George A. Giacobbi v. Susan F. Cardosi and Stephen F. Cardosi and Stephen G. Giacobbi, Co-Executors of the Will of Phyllis M. Giacobbi, alias, resident decedent of Providence, Rhode Island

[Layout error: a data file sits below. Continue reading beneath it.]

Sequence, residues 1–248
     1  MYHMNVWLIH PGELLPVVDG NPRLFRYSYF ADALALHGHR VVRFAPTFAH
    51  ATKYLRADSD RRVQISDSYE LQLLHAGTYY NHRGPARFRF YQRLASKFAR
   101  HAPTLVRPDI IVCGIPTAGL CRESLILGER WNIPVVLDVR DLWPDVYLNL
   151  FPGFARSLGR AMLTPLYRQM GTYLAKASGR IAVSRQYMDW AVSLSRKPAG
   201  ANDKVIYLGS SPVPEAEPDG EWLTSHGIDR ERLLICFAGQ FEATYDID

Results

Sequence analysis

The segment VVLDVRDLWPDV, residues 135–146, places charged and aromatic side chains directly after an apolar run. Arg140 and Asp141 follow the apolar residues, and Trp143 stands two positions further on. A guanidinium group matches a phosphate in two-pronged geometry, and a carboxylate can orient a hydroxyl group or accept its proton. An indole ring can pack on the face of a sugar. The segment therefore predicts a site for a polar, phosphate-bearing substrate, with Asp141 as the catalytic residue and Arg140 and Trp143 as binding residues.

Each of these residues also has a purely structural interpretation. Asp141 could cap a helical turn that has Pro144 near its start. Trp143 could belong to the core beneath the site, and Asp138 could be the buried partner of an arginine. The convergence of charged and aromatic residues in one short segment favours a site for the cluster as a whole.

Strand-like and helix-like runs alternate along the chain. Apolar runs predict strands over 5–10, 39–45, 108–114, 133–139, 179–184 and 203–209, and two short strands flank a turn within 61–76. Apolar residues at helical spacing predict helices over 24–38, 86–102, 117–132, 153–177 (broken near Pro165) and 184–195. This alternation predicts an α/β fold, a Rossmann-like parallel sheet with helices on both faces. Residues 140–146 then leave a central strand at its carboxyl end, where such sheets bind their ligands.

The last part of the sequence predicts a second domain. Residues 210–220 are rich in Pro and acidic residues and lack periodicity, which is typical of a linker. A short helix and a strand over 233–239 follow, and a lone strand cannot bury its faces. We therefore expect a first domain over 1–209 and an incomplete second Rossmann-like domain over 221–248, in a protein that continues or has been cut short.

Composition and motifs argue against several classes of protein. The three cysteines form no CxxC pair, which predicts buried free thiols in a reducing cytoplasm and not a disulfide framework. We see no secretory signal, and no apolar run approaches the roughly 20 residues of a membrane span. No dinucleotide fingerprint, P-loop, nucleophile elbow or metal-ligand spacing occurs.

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Download PDF STATE OF RHODE ISLAND AND PROVIDENCE PLANTATIONS Filed: February 25, 2003 SUPERIOR COURT PROVIDENCE, SC. GEORGE A. GIACOBBI Appellant : : v. : SUSAN F. CARDOSI and STEPHEN G. GIACOBBI, CoExecutors of the Will of Phyllis M. Giacobbi, alias, resident decedent of Providence, Rhode Island Appellees : : : : : : C.A. No. PP-02-2161 DECISION THOMPSON, J. Both the appellees and appellant in this matter request that a portion of the probate appeal now before this Court be decided as a matter of law pursuant to R.I.G.L. § 33-23-10(c). This section states that if the probate appeal can be decided as a matter of law then any party may request a decision on the grounds submitted. This cross motion for partial summary judgment derives from a narrow issue heard and decided in favor of the appellees by Judge John E. Martinelli in the Providence Probate Court on February 26, 2002. The appellees seek to have that decision affirmed while the appellant requests that the decision be reversed. FACTS AND TRAVEL Phyllis Giacobbi died on July 17, 1998. Her surviving children are appellant George A. Giacobbi and appellees Stephen G. Giacobbi and Susan F. Cardosi. The decedent s will dated April 14, 1998, was admitted to probate and Susan and Stephen were duly appointed executors thereof. At the time of the decedent s death, she owned 1 all of the voting stock and a portion of the common stock of Antonio Manna Realty, Inc., a closely held Rhode Island business corporation. The appellant contested the decedent s will when it was filed in Providence Probate Court in 1999. During the pendancy of the Probate Court proceedings, appellant requested, amongst other things, that the Probate Court take control of Antonio Manna Realty, Inc., arguing that the Court had the authority to do so under G.L § 33-9-7. The statute in issue is as follows: 33-9-7. Continuation of decedent s business. - Executors and Administrators may be authorized by the probate court before which the estate is in settlement to work up and complete any stock and materials in an unfinished state, or to continue any business of the decedent so far as may be expedient for the prudent winding up of the business, if the court shall find that it will be for the interest of the estate. (Emphasis added.) The Probate Court ruled that it did not have jurisdiction over this matter in that the decedent s interest in the corporation did not constitute any business of the decedent within the meaning of G.L. § 33-9-7. The appellant argues that in so finding, the Probate Court erred as a matter of law. The reason of this particular aspect of plaintiff, George Giacobbi s, overall appeal turns on a pure question of law that is dispositive of this particular issue raised. The narrow issue to be decided on appellees and appellant s partial summary judgment motions is whether the lower court correctly determined that G.L. § 33-9-7 does not give the probate court jurisdiction over the `operation of a corporation. Summary judgment is appropriate when a review of the evidence reveals that no genuine disputed issue of material fact exists and that the moving party is entitled to judgment as a matter of law on the merits of the controversy. Rhode Island Depositors Economic Protection Corp. v. Rignanese, 714 A.2d 1190, 1193 (R.I. 1998); Superior Boiler Works, Inc. v. R.J. Sanders, Inc., 711 A.2d 628, 632 (R.I. 1998). 2 DISCUSSION This Court holds that the court below correctly determined that the statute in question does not give probate court jurisdiction over the operation of a corporation, simply because some or all of a corporation s stock is in the name of an individual at the time of that person s death. The issue in this case requires the Court to construe the language of G.L. § 33-9-7. Under settled principles of statutory interpretation, when a statute is clear and unambiguous, the Court must interpret the statute literally and give the words of the statute their plain and ordinary meaning. Sindelar v. Leguia, 750 A. 2d 967 (R.I. 2000). Moreover, it is also a well-settled principle that when words are undefined in a statute, a court must give meaning to such terms in accordance with their ordinary or natural meaning in the context in which they arise. Labor Ready Northeast, Inc. v. Marilyn Shannon McConaghy, C.A. No. 02-2666, October 30, 2002, Silverstein, J. Contrary to appellees' argument that stock in this provision included corporate stock, when looking at the context of the statute in which the word stock appears, it is clear that the legislature was not referring to corporate stock when it made reference to work up and complete any stock and material in an unfinished state ¦ , but was most likely referring to shelf or inventory stock or, as defined by The Random House Dictionary 1873 (2d. ed. 1987), shelf or inventory supplies or goods kept on hand for sale as by a shop or company. Indeed, how does one work up or complete a stock certificate which is a legal instrument representing an individual s percentage of financial ownership in a business? To interpret this statute as appellant argues, would lead to an 3 impermissibly absurd result. In re Estate of Maurice A. Gervais, 770 A.2d 877, 880 (R.I. 2001); Hargreaves v. Jack, 750 A.2d 430, 435 (R.I. 2000).1 Moreover, nothing in G.L. § 33-9-7 including the specific wording, to continue any business of the decedent so far as may be expedient for the prudent winding up of the business suggests a legislative intent to have probate courts looking into the affairs of corporate entities whenever a shareholder, owning any of its stock, dies. As the court below determined, a corporation is a separate entity under law. Though a decedent may own some or all of a corporation s stock, the corporation itself is deemed to be owned by all of its shareholders in concert and not simply the majority shareholders. In this scheme, state, and in certain instances, federal regulatory laws and regulations, not unfettered individual thinking, controls the structure and parameter of proper corporate management. Though not precisely on point, the cases cited by appellees are supportive of the lower court s conclusion. Because a corporation is an . . . artificial creature of the law, Cook v. American Tubing & Webbing Co., 28 R.I. 41, 49, 65 A. 641, 644 (1905), it constitutes an artificial person distinct and separate from its individual and often changing stockholders. Vennerback & Clase Co. v. Juergens Jewelry Co., 53 R.I. 135, 138, 164 A. 509, 510 (1933). Doe v. Gelineau 732 A.2d 43, 44 (R.I. 1999). Moreover, this Court would note that the appellant cites no case authority either local or from other states to support his assertion of probate court jurisdiction over corporate matters based upon a decedent s ownership of shares. This Court agrees with the lower court that the statute in question was meant to apply to sole proprietorships not 1 It makes no more sense than to suggest that stock in that context references a former instrument of punishment consisting of a frame with holes for securing the ankles and wrists. 4 corporations.2 A corporation s stock may form all or part of the body of a probate estate, but the management and operation of the corporate business is governed by the corporation s legally adopted by-laws or, in the absence of specific or applicable bylaws, by the mandates of Title 7 of the Rhode Island General Laws entitled Corporations, Associations, and Partnerships. The parties stipulate that the appellant, George Giacobbi, owns some of the non-voting stock in Antonio Manna Realty, Inc. As such, G.L. § 7-1.190(a)(1)(ii) gives appellant the right to petition the Rhode Island Superior Court for dissolution or liquidation of the assets and business of Antonio Manna Realty, Inc. based upon allegations that the appellants have acted ultra viresly in seizing control of the dayto-day operation of this business and are in illegal control of the corporation.3 2 The Probate Court also opined that this provision applied to partnerships. However, this court would note that G.L. §§ 7-12-2 and 7-12-3 give probate estate executors and administrators specific statutory authority for insuring estate accountability in the instance of written partnership agreements. 3 General Law § 7-1.1-90 entitled Jurisdiction of court to liquidate assets and business of corporation. states: (a) The superior court has full power to liquidate the assets and business of a corporation: (1) In an action by a shareholder when it is established that, whether or not the corporate business has been or could be operated at a profit, dissolution would be beneficial to the shareholders because: (i) The directors or those other persons that may be responsible for management pursuant to § 7-1.151(a) are deadlocked in the management of the corporate affairs and the shareholders are unable to break the deadlock; or (ii) The acts of the directors or those in control of the corporation are illegal, oppressive, or fraudulent; or . . . (iv) The corporate assets are being misapplied or are in danger of being wasted or lost; or . . . . General Laws § 7-1.1-97.1 entitled Jurisdiction of court to appoint a receiver. states: Upon the establishment of any of the grounds for liquidation of the assets and business of (1) a domestic corporation . . . stated in § 7-1.1-90, and upon the establishment that the liquidation would not be appropriate, the superior court has full power to appoint a receiver, with any powers and duties that the court, from time to time, directs, and to take any other proceedings that the court deems advisable under the circumstances. The provisions of §§ 7-1.1-90 7-1.1-97, insofar as they are consistent with the nature of the 5 Were appellant s allegations to prevail in such a petition, the Superior Court could dissolve the corporation as requested or appoint a receiver to preserve the corporation and to do what would be necessary as justice and equity required. In the absence of a clear legislative directive broadening the powers of probate courts to regulate corporate disputes, this Court rejects the appellant s argument that G.L. § 33-9-7 or any other general provision of Title 33 relative to the Probate Practice and Procedures confers jurisdiction on probate courts comparable to that of the Superior Court, to regulate corporate management. Rather, in an estate proceeding, what a probate court is legislatively called upon to determine is the testate succession of a decedent s ownership interest in a corporate share. Accordingly, since this Court agrees with the Probate Court s determination that G.L. § 33-9-7 does not confer jurisdiction on that court to intrude upon the management of the corporation which was partially owned by the decedent, Phyllis Giacobbi, at the time of her death, this Court likewise concurs with the Probate Court that the appellees, in their co-executive capacity, were not required to appear before that court to get permission to continue the operation of the corporation.4 CONCLUSION A close reading of the statute shows that G.L. § 33-9-7 does not give the probate courts jurisdiction over the affairs of corporations based on corporate stock held in a decedent s name at the time of that person s death. Phyllis Giacobbi s share of the proceeding, apply to the proceeding, and in the proceeding the court has the full powers of a court of equity to make or enter any orders, injunctions, and decrees and grant any other relief in the proceeding that justice and equity require. 4 In so ruling, this Court expresses no opinion on whether appellant s allegations of unlawful behavior by appellees would, if true, support his request that they be removed as co-executors. Said issue is not a part of either dispositive motion before the Court. 6 company s stock is not the sort of stock referred to in the statute which requires court authority to continue the business. The lower court correctly decided that G.L. § 33-9-7 is not applicable to a corporation. In accordance with the decision of this Court, appellees motion for partial summary judgment is granted and the appellant s cross motion for same is denied. Appellees are directed to prepare an order in accordance with this Court s decision. 7